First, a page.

Future architects the big winners at TAS Architecture Awards
A former diesel factory transformed into lecture rooms and studios for student architects, and a school chapel framing Hobart’s magnificent Mount Wellington landscape, are joint winners of Tasmania’s major architecture prize for public buildings.
The Royal Australian Institute of Architects 2007 Tasmanian Architecture Awards were presented by former Tasmanian governor, Sir Guy Green at a ceremony in Hobart on Saturday 19 May.
Sharing the award for Public Architecture are the University of Tasmania’s School of Architecture in Launceston by Melbourne-based Six Degrees Architects, and Hobart’s Dominic College Chapel by DesignInc.
In a night of shared awards and multiple accolades, the UTAS School of Architecture also took out the award for Sustainability Architecture. Its third award, for Heritage Architecture, is shared with Rosny Historic Centre by Morrison & Breytenbach Architects.
Renowned architect and jury chair, Kerstin Thompson, said the UTAS School of Architecture stands out not only for its architectural excellence, but also for its demonstration of best practice in sustainable architectural design. The new works include offices, lecture rooms, a ‘sea of drafting boards,’ informal studios that double as a ‘sky lounge’ and a workshop.
“The UTAS building stands as a working demonstration to the generations of architectural students passing through that environmental sustainability can be achieved without compromise to architectural excellence. I would love to be studying here - and it’s fitting that such splendid design is the site for the making of architects, the people who will design and create our built environments in the future,” said Ms Thompson.
The Dominic College Chapel was additionally honoured with the Colorbond Steel Award for excellence and the innovative use of steel in architectural design, impressing the jury with its “refined use of steel corrugated sheet cladding to create a robust and innovative envelope.”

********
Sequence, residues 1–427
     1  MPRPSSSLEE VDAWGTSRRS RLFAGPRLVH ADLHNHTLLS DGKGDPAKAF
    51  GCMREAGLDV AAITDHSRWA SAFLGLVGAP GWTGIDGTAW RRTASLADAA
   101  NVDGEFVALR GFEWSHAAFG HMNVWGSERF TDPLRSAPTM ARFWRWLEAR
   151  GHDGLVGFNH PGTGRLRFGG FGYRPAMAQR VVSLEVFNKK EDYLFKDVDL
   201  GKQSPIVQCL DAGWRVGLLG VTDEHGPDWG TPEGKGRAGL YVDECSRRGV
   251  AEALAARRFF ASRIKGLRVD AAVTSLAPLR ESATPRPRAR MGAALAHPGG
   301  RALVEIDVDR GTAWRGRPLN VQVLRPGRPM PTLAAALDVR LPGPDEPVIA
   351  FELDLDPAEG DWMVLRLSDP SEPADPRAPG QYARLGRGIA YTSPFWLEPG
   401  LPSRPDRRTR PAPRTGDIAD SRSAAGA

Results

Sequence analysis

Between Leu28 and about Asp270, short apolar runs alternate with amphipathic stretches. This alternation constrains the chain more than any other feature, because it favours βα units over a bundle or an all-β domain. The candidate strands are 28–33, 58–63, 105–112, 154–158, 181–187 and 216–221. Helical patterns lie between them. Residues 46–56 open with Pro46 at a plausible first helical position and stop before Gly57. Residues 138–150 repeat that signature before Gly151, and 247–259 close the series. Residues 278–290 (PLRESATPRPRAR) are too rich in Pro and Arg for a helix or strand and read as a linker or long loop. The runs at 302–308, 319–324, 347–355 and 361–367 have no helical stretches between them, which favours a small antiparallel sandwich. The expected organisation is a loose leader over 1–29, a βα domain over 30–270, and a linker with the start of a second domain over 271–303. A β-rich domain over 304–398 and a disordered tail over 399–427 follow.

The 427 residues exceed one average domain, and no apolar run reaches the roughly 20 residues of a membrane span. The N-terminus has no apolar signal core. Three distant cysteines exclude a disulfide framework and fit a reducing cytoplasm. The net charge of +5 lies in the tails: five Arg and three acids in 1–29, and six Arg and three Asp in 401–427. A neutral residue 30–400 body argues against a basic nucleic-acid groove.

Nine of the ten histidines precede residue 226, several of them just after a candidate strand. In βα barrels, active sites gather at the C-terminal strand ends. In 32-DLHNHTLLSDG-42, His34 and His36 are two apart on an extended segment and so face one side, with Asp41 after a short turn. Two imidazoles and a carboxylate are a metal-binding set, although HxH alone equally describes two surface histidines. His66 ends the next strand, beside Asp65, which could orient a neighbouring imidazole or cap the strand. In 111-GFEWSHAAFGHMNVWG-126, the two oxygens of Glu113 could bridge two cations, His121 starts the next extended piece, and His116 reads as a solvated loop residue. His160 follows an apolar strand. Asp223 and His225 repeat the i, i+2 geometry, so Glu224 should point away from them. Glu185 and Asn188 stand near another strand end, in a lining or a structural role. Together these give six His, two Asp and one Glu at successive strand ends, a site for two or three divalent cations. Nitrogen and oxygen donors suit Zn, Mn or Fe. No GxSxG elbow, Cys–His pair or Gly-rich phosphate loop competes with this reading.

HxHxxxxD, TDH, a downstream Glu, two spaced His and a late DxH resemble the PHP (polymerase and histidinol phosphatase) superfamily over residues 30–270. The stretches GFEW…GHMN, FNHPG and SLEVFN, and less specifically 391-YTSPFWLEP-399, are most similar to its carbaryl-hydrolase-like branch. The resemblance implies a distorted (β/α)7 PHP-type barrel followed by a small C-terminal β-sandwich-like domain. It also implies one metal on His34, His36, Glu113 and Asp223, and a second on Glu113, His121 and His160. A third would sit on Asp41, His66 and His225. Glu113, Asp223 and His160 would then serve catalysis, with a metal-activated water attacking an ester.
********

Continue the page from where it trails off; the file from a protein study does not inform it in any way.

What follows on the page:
Mount Wellington forms the altar backdrop of the building’s second chapel, with its profile reflected in a dramatic glass wall. Sliding doors on the third and fourth chapels fold away for an intimate service in a landscaped amphitheatre or to support a service for 1000, using the adjacent courts as seating space and the chapel terrace as the altar.
“The college chapel is a superb and uplifting building,” said Ms Thompson. “Its asymmetry beautifully balances the playful informality of the young students with the traditions of a chapel, providing a contemporary space for spiritual education and worship.”
An outstanding project in the state’s south-east was honoured with the Residential New Architecture Award. The Bonnet Hill House by Preston Lane Architects straddles a ridge, capturing two views. The project also straddles the aspirations for high quality architecture and the constraints of a modest budget.
“This is architecture not often seen,” said Ms Thompson of the Bonnet Hill House.
“Using quite conventional construction methods and materials, the architectural outcome is cost effective and quite exceptional. It’s a terrific example of architects creating a good value for money home, for comfortable everyday living. This project strikes exactly the right tone - simple things done really well.”
The Residential Alterations/Additions Award was presented to Rosevear Architects for the skilful and elegant addition of a new kitchen and living area to a heritage-listed Edwardian villa in South Hobart.
On the island’s north coast, the jury celebrated the Burnie Surf Redevelopment by jawsarchitects with a commendation for Commercial Architecture. The site’s existing structure has been retained and reworked to house surf club meeting rooms, restaurants and cafes, and boat and equipment storage, with added deck areas.
“Extending the public amenity and function well beyond the former building’s traditional use is an excellent example of revitalising an existing facility. Our commendation is equally as much to the local council for involving architects in the redevelopment. The reinvigoration of this site will have a big impact on the vibrant life of the town,” said Ms Thompson.
The standard of this year’s entries was applauded by the jury, which included Leo Schofield, Fred Ward, Stuart Tanner and Bevan Rees. Over a tightly-packed three days, the jury visited each of the 28 projects, benefiting from the heightened understanding that comes from physically experiencing the architecture.